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Topic: Do I have gauge??  (Read 378 times)
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eatmoreplants
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« on: June 13, 2007 12:30:27 PM »

Please help me if you can! I think I have gauge problems in life. I understand the concept- but I guess I am just bad at judging it. I am planning on knitting the two tone shrug from fitted knits, I just did a gauge swatch and it is a tiny bit big.
The book says: gauge= 20 sts and 26 rows= 4"

My whole swatch is 20 sts and 26 rows. It is a little bit big- but if I went down a needle size I think it would be too small. From my pictures do you think I have gauge? What should I do?


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« Reply #1 on: June 13, 2007 12:36:13 PM »

I'd say give it a try on smaller needles. Changing needle size never seems to affect the gague as dramatically as I expect it to going in. Also be conscious of how tightly you knit... when I'm having trouble achieving gague, sometimes I'll subconsciously change my tension to help it along, but that's no good because I won't be able to sustain it over the life of the project. I've had to frog because of that on occasion.
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eatmoreplants
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« Reply #2 on: June 13, 2007 12:40:15 PM »

Ok- I'll try going down a needle size! Which brings me to another question- the pattern calls for two different needle sizes- 5 and 8. The gauge is done in size 8s. If I must go down one size from the 8 should I go down a size from the 5 too??

Thanks for answering so quickly!!
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« Reply #3 on: June 13, 2007 12:45:13 PM »

Hmmm... probably, but it depends on the pattern. When I did my version of the Pithy Hat in a larger yarn, I didn't end up sizing up the needles as much for the body of the hat as I did for the ribbing. What I'd do in your shoes would be to swatch in both sizes I'm thinking of trying for the other part of the pattern, multiplying my gague by the number of stitches, and comparing that number to the dimension of that portion of the piece (if given) or to the body measurement you're trying to fit (in my example, I just measured my head) accounting for ease or negative ease as needed. Isn't yarn substituting fun?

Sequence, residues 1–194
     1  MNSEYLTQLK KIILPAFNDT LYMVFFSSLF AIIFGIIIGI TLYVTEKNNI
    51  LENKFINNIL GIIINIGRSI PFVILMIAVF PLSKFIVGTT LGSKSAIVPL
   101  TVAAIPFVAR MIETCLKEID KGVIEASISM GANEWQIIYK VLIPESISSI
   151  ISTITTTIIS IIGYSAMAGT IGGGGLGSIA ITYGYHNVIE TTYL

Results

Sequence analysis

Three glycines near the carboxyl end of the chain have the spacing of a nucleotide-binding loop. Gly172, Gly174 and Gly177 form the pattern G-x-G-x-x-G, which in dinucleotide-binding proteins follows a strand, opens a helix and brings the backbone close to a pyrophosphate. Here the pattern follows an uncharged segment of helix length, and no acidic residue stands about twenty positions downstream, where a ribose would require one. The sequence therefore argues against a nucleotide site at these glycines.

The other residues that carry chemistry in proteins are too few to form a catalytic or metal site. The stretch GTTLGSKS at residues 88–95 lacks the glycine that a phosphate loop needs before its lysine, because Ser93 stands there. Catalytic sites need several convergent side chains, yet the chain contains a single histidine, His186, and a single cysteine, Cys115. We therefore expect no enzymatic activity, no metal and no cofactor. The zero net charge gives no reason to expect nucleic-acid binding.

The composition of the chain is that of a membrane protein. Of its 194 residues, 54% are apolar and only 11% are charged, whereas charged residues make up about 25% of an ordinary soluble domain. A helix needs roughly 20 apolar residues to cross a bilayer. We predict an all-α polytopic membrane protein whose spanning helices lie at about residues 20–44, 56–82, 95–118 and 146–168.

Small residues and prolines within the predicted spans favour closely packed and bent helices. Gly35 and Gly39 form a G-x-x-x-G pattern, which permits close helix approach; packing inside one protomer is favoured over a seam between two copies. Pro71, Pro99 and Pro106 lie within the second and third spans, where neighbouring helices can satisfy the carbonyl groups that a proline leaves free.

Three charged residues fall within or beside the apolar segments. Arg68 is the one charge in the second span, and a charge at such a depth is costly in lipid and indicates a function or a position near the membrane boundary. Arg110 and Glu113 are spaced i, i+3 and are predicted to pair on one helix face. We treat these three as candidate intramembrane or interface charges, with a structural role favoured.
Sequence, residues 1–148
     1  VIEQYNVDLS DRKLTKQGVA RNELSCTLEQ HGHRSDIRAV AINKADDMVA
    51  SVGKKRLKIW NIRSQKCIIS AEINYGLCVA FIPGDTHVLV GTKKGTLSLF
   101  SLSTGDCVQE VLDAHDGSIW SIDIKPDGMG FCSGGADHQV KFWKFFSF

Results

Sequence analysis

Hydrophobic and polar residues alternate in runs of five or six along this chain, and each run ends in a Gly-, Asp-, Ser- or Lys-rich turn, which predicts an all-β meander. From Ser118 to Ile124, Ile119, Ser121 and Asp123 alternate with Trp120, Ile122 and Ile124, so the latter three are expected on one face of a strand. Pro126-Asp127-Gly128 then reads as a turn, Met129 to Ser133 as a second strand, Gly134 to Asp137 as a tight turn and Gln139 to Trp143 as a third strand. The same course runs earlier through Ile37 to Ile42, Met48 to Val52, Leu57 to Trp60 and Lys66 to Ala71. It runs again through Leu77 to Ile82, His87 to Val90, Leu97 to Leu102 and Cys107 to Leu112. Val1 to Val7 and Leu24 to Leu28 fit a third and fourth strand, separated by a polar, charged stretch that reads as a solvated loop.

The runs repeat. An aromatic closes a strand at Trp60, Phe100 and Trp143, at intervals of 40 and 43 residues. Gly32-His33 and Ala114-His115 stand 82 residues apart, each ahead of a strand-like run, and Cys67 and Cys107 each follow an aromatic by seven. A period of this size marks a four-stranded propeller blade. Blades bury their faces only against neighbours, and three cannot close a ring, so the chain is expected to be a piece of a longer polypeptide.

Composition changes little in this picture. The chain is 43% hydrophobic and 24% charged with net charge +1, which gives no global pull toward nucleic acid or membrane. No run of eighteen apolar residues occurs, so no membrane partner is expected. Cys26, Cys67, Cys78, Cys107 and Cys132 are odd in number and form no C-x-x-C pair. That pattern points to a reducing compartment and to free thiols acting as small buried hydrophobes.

All of the above is assuming the gague actually matters, and it's not something like a scarf.
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redwitch
« Reply #4 on: June 14, 2007 03:50:50 AM »

For a gauge swatch, you need to cast on more than 10 cm wide. Say 15 cm. And if it is stocking stitch, add 4-5 stitches of garter at the start and end of each row to stop curling. In a 20-st swatch, the edge stitches can be a bit loose, so you will get a bigger measurement than what you will actually have in your knitted item.

What you have there looks like about 16 stitches to 10 cm/4 in (although not curling too much, well done).

I say go down a needle size, cast on 26 stitches at least, first 3 rows garter, then about 10-12 cm of stocking stitch with 3 stitches of garter on each side. More than 20 stitches of stocking stitch would be even better, say 25 with 3 st garter each side. Wash it the way the shrug will be washed and dry the same way, then measure scrupulously and don't be tempted to stretch or squash it even a little bit, if you do this the shrug will be the wrong size. Better to err on the small side if you do err because many fabrics will be able to block larger, also it will be stretched out slightly when it's on you, so smaller is better than bigger, but DO swatch and wash it because you don't want to knit a whole shrug that doesn't fit you! Much better to spend the hour swatching, get out your favourite DVD - I recommend Prison Break, as long as watching those boys will not make you feverishly clench your wool tightly, you don't want to have different tension during your swatch from when you knit the shrug - it will fly buy, you will get the feel of your wool, and it is really worth a few minutes now to get a shrug that actually fits you.

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